Okay, I did know this going into the major, and college in general, but I definitely did not expect to be challenged so quickly.

We did a quick trig review and hopped right in to it all, the crazy world of calculus, or so I thought.

After a little review we did limits, which is calculus, right? Apparently not, because after finishing the basic concepts of limits, our class was told, "Now it's time to get into actual calculus!"

So, wait. What we were just doing for the past week, the material that I struggled with and had to go to office hours every day for, isn't even actual calculus?

I was definitely a bit astonished, to say the least after hearing this, and frankly, I questioned myself.

Why am I here? I didn't even take calculus in high school because I was scared of a challenge and being less than perfect. Why would I ever think that I could be good enough for this?

This class isn't even considered hard enough to count towards my major! Why would I think I could understand all of the crazy courses I'll have to take throughout my college career in this major when I barely understood physics and got a 1 on the AP exam?

Why, why, why, why, why?

See, I was looking for answers and solutions to all of my problems and kept asking why, but I didn't think of things in the right math-y way that I should've. In math, often times to get the solution for why, or Y, you need to know X, which mean you need to understand the variables.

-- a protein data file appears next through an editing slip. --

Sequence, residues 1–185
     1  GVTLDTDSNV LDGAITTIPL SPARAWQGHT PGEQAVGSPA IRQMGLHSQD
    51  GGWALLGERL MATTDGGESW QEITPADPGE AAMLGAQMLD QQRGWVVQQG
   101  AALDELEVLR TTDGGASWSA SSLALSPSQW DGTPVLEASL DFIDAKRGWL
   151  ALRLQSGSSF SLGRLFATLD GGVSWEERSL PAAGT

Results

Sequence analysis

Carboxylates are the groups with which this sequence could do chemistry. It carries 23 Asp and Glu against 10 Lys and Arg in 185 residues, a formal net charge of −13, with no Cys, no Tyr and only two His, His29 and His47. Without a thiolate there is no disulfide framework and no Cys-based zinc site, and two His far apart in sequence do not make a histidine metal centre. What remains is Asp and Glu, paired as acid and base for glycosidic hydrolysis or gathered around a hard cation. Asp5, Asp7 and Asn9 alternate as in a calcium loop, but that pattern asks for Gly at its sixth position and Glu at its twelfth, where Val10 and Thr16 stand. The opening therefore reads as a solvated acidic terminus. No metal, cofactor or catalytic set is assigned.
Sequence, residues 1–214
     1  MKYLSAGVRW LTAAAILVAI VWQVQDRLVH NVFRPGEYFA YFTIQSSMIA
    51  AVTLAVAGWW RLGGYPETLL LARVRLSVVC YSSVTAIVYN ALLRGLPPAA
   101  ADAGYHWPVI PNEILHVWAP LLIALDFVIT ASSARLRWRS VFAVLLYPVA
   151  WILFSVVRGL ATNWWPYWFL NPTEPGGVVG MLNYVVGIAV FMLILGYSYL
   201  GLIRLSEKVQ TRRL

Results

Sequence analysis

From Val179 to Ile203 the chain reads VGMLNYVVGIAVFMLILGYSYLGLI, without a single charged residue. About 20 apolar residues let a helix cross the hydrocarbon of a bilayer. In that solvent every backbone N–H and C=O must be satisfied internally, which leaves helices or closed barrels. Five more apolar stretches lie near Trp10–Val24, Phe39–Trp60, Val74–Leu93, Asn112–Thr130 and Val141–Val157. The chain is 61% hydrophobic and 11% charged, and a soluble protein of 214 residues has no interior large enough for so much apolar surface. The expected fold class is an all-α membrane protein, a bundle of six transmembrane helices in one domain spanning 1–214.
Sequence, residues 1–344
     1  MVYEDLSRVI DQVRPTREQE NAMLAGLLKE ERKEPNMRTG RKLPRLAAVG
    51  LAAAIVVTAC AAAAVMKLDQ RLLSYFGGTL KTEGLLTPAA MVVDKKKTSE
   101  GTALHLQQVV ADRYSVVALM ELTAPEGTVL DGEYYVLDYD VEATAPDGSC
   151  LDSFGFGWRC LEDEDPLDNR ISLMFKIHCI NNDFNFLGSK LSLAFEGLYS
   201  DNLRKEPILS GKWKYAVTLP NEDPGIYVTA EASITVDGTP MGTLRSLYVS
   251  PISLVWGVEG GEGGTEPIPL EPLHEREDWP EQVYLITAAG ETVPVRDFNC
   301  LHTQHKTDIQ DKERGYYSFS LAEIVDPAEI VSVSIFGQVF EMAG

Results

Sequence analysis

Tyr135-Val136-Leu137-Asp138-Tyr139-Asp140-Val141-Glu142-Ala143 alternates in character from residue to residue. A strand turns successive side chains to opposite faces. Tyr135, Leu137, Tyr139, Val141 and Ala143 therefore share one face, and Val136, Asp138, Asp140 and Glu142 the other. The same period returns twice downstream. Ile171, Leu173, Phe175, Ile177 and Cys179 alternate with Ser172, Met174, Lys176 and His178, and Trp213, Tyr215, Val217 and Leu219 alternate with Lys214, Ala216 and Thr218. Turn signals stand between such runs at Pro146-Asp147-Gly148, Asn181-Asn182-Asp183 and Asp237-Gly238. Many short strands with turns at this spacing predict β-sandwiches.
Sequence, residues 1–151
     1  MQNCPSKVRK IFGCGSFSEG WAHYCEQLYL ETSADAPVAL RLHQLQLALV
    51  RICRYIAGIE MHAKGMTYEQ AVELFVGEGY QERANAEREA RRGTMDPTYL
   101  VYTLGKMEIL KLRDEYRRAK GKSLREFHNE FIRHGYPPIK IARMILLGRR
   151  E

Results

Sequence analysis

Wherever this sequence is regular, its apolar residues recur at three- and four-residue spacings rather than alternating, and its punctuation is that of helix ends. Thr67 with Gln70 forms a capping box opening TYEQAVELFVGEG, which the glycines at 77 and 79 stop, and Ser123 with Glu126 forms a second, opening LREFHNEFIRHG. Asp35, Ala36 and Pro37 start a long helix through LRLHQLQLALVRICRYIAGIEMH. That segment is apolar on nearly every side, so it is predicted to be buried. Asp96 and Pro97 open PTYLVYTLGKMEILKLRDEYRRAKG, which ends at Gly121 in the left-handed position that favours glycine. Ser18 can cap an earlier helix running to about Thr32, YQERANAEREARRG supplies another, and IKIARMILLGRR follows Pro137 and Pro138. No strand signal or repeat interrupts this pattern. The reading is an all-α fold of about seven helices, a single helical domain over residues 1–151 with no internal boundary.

Sure, I have been having a bit of a rough time with what apparently isn't even calculus yet, but think of the variables. I'm not just living my normal, high school life with a harder class. I'm living a new, weird college life which involves much more than harder classes; money, laundry, new responsibilities: variables.

I'm living a totally different life, which is obviously going to take a toll on anyone. Don't get me wrong, I'm loving college so far, new people, more freedom, more challenging classes, and much more, but it also can be hard.

Along with all of the good variables that I mentioned, there is also the part that you are away from family and have many new, unique responsibilities that you were not expecting.

So, yes. I am a math education major, and yes, I am having some difficulty in calc that's not yet calc, but I am also trying, which is what sets me apart from those who could be in a similar situation and give up.

Instead of jumping ship and picking an easier major, I am challenging myself and pushing myself to the best of my ability because I know that I can.

Despite my struggles, I am still just as qualified as the student next to me acing the course without even trying, if not more, because this is a new experience to me.

I'm used to being the one who does well without tons of effort, but by seeing the work that has to go in, I am going to be much more appreciative of myself and my abilities.

Now that I have to truly work towards something, it will be that much more special to me in the end when I walk across the stage with a diploma and into a high school classroom for the first time with my name on the door.